This kit is a jewel of the cottage industry. Details are very crisp and the execution is clean. The kit makes good use of the strengths of resin and vacuform moulding techniques while avoiding the major weakness of an all resin kit which is its comparatively heavy weight. Even though the landing gear struts are resin, the hollow vac fuselage means that they are unlikely to deform under the weight of the finished model.
Fuselage The fuselage is in Welsh's traditional thick vacuform plastic with 3 circular bulkheads to keep it from collapsing. Windows are provided as decals with a note on the instruction sheet advising the modeller to apply the decals as a guide for marking their positions preparatory to drilling them out if clear windows are desired. Nose weight will be required. In addition to the bulkheads, small tabs cut from the backing sheet should be glued to the fuselage halves to help keep then aligned and to add to the gluing surface. Give them a little curl before gluing to keep the fuselage circular. This kit is a good candidate for Clint Groves' “river of epoxy” technique. Cut a hole in the roof of the wing root area and notches top and bottom in each of the bulkheads to allow slow setting epoxy to be poured into the closed fuselage. Rock the fuselage back and forth to allow the epoxy to coat the entire inside of the upper fuselage seam and allow to dry. Then repeat for the fore and aft sections of the lower seam. Done correctly the fuselage will become extremely solid and stand up to extraordinary abuse.
Wings Each wing is a one piece resin moulding which also comprises a portion of the lower fuselage. The wings are joined together and the completed fuselage fits over-top. Only minor trimming and cleanup will need to be done before the wings are glued. Being resin, they will need to be glued with epoxy or cyanoacrylate glue.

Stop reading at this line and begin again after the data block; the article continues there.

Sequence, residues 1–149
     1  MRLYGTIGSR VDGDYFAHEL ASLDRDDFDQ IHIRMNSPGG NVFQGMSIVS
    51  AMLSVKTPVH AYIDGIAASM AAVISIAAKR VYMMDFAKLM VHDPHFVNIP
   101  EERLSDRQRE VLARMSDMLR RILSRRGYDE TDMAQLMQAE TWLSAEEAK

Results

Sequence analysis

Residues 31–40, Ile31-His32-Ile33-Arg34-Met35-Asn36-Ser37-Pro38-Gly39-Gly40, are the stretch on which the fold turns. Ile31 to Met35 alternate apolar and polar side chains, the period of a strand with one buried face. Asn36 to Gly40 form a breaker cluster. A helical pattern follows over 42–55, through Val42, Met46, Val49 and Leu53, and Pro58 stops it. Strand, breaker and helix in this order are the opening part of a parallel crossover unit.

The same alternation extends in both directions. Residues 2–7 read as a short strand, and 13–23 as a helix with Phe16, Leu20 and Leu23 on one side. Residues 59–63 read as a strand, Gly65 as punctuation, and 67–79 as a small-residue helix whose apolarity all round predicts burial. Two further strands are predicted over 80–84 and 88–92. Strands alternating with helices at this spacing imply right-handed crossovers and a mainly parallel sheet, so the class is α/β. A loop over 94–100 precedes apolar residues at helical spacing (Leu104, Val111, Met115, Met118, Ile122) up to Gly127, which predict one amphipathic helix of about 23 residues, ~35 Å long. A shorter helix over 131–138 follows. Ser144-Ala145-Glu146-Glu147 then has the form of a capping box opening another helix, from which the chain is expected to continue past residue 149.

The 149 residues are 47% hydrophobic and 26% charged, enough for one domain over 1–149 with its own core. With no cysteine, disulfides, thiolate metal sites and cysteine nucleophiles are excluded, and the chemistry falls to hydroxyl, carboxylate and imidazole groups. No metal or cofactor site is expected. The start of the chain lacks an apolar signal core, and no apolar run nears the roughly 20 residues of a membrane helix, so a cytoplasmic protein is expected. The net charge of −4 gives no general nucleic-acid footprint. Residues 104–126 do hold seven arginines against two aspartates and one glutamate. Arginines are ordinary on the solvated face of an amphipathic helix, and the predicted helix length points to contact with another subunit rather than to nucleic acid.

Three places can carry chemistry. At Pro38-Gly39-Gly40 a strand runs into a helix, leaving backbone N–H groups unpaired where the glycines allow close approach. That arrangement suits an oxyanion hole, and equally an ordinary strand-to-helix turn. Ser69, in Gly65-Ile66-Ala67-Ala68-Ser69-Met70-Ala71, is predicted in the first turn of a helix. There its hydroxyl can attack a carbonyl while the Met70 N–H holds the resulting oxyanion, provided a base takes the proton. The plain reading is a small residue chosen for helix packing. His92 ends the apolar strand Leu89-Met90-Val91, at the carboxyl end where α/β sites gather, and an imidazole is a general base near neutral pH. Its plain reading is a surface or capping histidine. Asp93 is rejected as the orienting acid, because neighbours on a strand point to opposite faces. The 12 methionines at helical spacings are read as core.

Empennage The tail-planes are one piece resin mouldings. They will need to be drilled and pinned for strength. Given the construction, then cannot be left off until after painting and decalling. Luckily, the cheat-line ends at the tail-planes rather than overlapping them.
Engines The Comet's engines were buried in the wing roots so they are portrayed entirely in the wing mouldings. 4 resin exhausts are the only extra parts required.
Landing gear The landing gear struts and wheels are one-piece resin mouldings with surprisingly good detail. They will need only a good painting before they can be glued in place. The gear doors are nice little resin mouldings. They are not quite scale thickness, but are much better than comparable injection parts
Accuracy I don't compare models to drawings or published measurements. When assembled it looks like a Comet.
Decals and markings The decal sheet has markings for the sole Comet 3 as it appeared during de Havilland's marketing efforts aimed at BEA. Since BEA changed their colour scheme shortly afterwards to the famous “Red Square” scheme, no Comets flew revenue service in the kit colour scheme. The Comet 3 ended up being a dead end development, as it was replaced in production by the Comet 4 which was sufficiently different enough to warrant a new designation. The Comet 3 went on to a career in the Royal Aircraft Establishment, being used in zero-visibility landing trials and later on to validate the concept of a jet-powered maritime patrol aircraft that eventually became the Nimrod.
Conclusion This kit illustrates the strengths of the vac/resin combination. It's simple, very well detailed and the subject is one the mainstream manufacturers will never even dream of producing. It could very easily serve as an introductory vac kit to a modeller who has never done one before. There are only 2 parts to sand out, and only the vertical stabiliser to worry about getting properly thin.
Highs: Beautiful resin mouldings for the wings and detail parts. Simple construction.Lows: Some modellers are still frightened of vacuforms. It's also not cheap.Verdict: The perfect model to cure vacuphobia. It couldn't be any simpler.